It’s the late 70’s in New York City and Jonah Heidelbaum (Logan Lerman) is having his world turned upside-down as he is thrust into the unbelievable and dangerous world of Nazi-hunting. After meeting the curious Meyer Offerman (Al Pacino), Jonah discovers that a diverse crew has come together to bring Nazis hiding in America to justice. Odd as this sounds already, it turns out that the Hunters are on a road of discovery they never imagined when they set out to find people apparently hiding in plain sight.
Hunters, thematically, has much in common with The Americans in that it capitalizes on the bizarre power of what might be called brazen surreptitiousness. This obviously plays out more as the series goes on, ultimately delivering some shocking, and amazing, moments, but from the outset, the Hunters exist in a kind of slow, calculated, mad dash that delivers the perfection of tension. Beyond that, the series also gives a familiar feel just in the sense of the truly overwhelming odds being met. Sure, there’s some level of training in the general pool of our Hunters, but what can they really hope to accomplish against… well, against who knows what? The proper channels have no interest in helping them, or believing them for the most part, which means they’re operating outside the law. Going on a murder spree poses enough hurdles.
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With a series designed such that virtually everything that happens is a new twist or sheds new light on everything else, spoiler-free dissection is a tricky affair. But, for all that this is a series built around an increasing, and at times gut-wrenching, sense of dread and shock, it’s far more about its characters than its events.
Pacino, recently brilliant in The Irishman, is possibly at his best in a role that is not only complex but filled with sudden shifts. His own motives already ebb and flow with the members of his team, and now he has to figure out what to do with young Jonah, who is naturally unsure how he fits, or can fit, into anything. The dance of faces Pacino has to don, all while believably delivering the man underneath them all, is worth every minute in itself.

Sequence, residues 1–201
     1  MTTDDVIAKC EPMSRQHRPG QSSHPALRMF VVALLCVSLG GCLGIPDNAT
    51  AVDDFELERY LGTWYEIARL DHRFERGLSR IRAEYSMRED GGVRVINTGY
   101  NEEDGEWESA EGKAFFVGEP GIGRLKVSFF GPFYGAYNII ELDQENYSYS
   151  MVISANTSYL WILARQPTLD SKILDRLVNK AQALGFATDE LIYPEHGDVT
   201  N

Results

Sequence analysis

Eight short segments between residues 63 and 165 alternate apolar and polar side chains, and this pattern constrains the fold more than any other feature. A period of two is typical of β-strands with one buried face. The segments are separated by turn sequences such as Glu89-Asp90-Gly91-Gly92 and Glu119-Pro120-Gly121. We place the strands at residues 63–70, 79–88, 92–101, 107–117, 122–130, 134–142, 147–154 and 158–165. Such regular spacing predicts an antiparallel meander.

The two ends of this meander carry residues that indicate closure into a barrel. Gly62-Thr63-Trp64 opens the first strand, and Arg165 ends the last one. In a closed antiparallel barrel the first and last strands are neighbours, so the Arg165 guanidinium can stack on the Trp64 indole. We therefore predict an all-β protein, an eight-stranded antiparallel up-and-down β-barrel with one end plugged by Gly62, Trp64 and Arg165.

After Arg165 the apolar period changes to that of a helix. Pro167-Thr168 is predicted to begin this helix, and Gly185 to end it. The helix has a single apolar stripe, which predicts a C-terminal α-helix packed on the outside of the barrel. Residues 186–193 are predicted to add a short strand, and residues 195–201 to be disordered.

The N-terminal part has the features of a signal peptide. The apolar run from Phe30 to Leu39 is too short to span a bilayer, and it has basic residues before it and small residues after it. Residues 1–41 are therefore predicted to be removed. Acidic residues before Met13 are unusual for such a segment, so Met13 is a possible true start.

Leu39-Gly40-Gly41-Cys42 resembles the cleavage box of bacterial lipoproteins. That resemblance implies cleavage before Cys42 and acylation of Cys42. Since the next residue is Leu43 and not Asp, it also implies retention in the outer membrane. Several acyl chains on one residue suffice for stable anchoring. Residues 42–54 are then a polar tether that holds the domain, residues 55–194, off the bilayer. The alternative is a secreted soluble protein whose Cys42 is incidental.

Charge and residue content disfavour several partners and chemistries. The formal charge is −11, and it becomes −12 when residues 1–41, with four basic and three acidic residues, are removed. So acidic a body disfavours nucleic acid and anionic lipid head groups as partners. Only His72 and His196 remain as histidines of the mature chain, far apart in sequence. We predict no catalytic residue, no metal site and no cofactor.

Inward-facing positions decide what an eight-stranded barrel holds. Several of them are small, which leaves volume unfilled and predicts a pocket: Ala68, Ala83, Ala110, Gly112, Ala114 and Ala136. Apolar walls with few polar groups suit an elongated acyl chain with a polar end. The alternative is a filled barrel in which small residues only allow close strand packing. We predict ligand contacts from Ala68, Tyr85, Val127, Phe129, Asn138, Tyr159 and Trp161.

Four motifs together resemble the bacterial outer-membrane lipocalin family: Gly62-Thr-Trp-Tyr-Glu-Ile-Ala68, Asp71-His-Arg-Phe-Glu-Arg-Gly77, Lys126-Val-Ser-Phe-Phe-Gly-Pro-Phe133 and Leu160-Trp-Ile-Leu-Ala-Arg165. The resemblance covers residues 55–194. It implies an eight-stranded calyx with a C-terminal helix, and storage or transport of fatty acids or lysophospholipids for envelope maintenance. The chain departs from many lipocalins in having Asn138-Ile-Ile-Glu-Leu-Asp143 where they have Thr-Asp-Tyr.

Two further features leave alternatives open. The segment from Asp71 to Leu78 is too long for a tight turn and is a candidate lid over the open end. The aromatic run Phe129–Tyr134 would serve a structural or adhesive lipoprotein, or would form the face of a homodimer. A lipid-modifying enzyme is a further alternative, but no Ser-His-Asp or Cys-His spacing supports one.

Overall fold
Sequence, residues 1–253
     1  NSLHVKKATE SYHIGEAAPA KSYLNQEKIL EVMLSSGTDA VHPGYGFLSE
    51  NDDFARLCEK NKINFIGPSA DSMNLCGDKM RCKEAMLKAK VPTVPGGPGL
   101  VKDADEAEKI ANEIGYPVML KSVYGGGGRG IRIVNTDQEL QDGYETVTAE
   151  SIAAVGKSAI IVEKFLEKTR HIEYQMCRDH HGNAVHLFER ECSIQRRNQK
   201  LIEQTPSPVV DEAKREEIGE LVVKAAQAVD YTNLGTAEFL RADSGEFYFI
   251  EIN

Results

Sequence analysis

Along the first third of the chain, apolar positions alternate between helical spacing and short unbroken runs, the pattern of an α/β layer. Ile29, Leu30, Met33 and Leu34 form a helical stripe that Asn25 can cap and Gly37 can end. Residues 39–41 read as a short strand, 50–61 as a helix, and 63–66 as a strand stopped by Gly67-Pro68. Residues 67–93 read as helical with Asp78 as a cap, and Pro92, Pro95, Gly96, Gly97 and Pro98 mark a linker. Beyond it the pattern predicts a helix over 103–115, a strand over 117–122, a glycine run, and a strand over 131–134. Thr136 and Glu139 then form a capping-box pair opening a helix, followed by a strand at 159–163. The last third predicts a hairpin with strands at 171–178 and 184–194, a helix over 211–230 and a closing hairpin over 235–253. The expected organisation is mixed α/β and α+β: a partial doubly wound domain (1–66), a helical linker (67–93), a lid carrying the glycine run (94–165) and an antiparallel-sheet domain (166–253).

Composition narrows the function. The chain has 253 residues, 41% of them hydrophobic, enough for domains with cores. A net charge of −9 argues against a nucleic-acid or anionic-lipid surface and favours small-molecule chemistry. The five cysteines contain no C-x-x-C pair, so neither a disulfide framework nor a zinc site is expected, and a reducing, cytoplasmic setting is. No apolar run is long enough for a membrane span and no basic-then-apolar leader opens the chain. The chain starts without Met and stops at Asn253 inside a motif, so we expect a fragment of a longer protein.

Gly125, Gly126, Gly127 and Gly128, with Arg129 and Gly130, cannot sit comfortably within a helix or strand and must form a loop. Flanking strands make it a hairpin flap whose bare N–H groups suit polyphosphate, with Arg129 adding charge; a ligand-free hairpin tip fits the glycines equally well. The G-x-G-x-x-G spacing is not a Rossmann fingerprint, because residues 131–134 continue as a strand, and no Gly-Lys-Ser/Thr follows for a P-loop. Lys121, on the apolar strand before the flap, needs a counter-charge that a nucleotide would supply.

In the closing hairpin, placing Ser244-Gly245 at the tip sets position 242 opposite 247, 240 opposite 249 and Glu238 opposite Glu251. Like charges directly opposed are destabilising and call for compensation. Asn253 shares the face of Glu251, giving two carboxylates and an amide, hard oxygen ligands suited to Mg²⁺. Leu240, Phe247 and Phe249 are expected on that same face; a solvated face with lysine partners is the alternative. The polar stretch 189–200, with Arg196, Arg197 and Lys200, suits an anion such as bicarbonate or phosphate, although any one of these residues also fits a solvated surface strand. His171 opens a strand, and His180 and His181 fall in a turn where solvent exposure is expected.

Jonah, facing the realization that his grandmother co-founded a group of Nazi hunters with someone she was in the camps with, never does get a chance to get his feet under him, through at least four episodes. The multi-faceted reality of non-government-sanctioned Nazi removal isn’t something you’re taught to deal with in school, and Lerman manages shocked, angry, and wildly out of his element as well as anyone. Worse, for Jonah, he has to figure out how to swim with fishes he doesn’t know, and don’t make a lot of sense. A nun/spy (Kate Mulvany), a not-exactly-working actor (Josh Radnor), and an aging, weapon-specialist couple (Saul Rubinek and Carol Kane) don’t quite scream “competent, black ops team.”
I imagine that’s part of the point, as this surreal adventure unfolds with its feints within feints and frequent flashbacks to life in Concentration Camps. They aren’t quite competent. Some of them may not even be after “good,” having long since become creations of their own, and others’, victimization. But, they are heroes.
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Hunters is a series that might actually leave you winded, and for some it could hit too close to home to be watchable. And, because it wants you with these characters as much as it wants you on the hunt, it’s one of the most engaging efforts in years.
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